NASSAU, BAHAMAS – The uptick in domestic inflation during the first quarter of 2019 continued to reflect the pass-through effects of the Minnis administration’s increase in value-added tax (VAT) from 7.5 percent to 12 percent last July and the higher global oil costs in prior periods, according to The Central Bank of The Bahamas’ Quarterly Economic Review report.
During the first quarter of the year, average consumer prices rose by 1.1 percent.
This increase outpaces the 0.3 percent increase recorded in the same period in 2018 and the average gain of 0.6 percent realized over the last five years.
“Underlying this development, average costs firmed for transport by 5.2 percent and furnishing, household equipment and routine maintenance by 3.5 percent, after posting declines of 1 percent and 0.9 percent, respectively, in the prior period,” the bank said.
“Further, in contrast to the prior year’s decreases of 1.9 percent and 0.3 percent, average prices rose for alcohol beverages, tobacco and narcotics, by 1.1 percent and food & non-alcoholic beverages, by 0.7 percent.
“In addition, the inflation rate quickened for miscellaneous goods & services, by 30 basis points to 0.6 percent, while the reduction in average costs softened for communication, by 2.3 percentage points and clothing and footwear, by 0.8 percentage points, to 0.3 percent each.
“In a modest offset, accretions to average costs slowed for restaurant and hotels, by 56 basis points to 2.0 percent and for housing, water, gas, electricity & other fuels — the most heavily weighted component — by 63 basis points to 0.7 percent.
“Similarly, the average costs for recreation and culture and health decreased by 0.8 percent and 0.2 percent, vis-à-vis gains of 1.4 percent and 0.9 percent a year earlier.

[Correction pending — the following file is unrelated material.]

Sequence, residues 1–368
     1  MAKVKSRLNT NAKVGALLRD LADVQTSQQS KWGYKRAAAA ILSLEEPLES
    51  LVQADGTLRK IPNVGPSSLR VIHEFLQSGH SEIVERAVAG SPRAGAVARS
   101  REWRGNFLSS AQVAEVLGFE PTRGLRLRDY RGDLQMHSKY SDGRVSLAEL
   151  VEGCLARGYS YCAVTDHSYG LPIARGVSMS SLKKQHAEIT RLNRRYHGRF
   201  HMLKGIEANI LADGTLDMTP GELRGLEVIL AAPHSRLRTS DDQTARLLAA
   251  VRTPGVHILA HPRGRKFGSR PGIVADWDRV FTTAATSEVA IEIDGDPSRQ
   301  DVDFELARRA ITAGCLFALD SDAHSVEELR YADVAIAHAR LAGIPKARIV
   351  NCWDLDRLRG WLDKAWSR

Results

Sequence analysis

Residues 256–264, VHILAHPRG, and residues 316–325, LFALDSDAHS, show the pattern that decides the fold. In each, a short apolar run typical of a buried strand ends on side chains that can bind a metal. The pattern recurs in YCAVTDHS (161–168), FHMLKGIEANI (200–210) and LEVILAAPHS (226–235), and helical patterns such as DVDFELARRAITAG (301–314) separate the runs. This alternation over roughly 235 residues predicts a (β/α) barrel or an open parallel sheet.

“In addition, the average cost for education declined by 1.7 percent, after remaining unchanged in the previous period.”
The VAT hike last year was met with public outrage.
There were widespread concerns that the increase could lead to slow economic growth and decreases in consumer spending, though the government has insisted that despite the short term effects, the measure will serve the country over the long term.
VAT collections for the first quarter, which account for 32.7 percent of total tax revenue, increased by $31.7 million or 18.4 percent to $203.6 million, the bank noted.
The report indicated that the domestic economy expanded modestly in the first quarterof 2019, reflecting growth in tourism as well as improvement in key source markets.
The bank said, “This outturn reflected sustained improvements in several key source markets, an expansion in high-end hotel room capacity following the completion of the phased opening of the multi-billion dollar Baha Mar resort, as well as ongoing public and private sector marketing campaigns.
“There was also sustained strong momentum from vacation rental properties.”
Total visitor arrivals rose by 12.3 percent, surpassing the prior year’s growth of 2.8 percent and the average of 1.8 percent recorded over the last five years.
An analysis of the major port entry also showed that the completion of the phased opening of Baha Mar in 2018 contributed to the 27 percent rise in visitor arrivals during the first quarter.
During the period, 1.2 million guests arrived in The Bahamas, a reversal from the 1.8 reduction observed the previous year.
Additionally, a number of small to medium-scale foreign investment related projects undergirded activity in the construction sector, according to the bank.
Total mortgage disbursements for new construction and repairs—as reported by banks, insurance companies and the Bahamas Mortgage Corporation—firmed by 28.1 percent or $7 million to $31.7 million, in comparison to a 2.6 percent contraction in the prior year.
The residential segment grew by 26 percent to $31.2 million, after a declined of under one percent in 2018.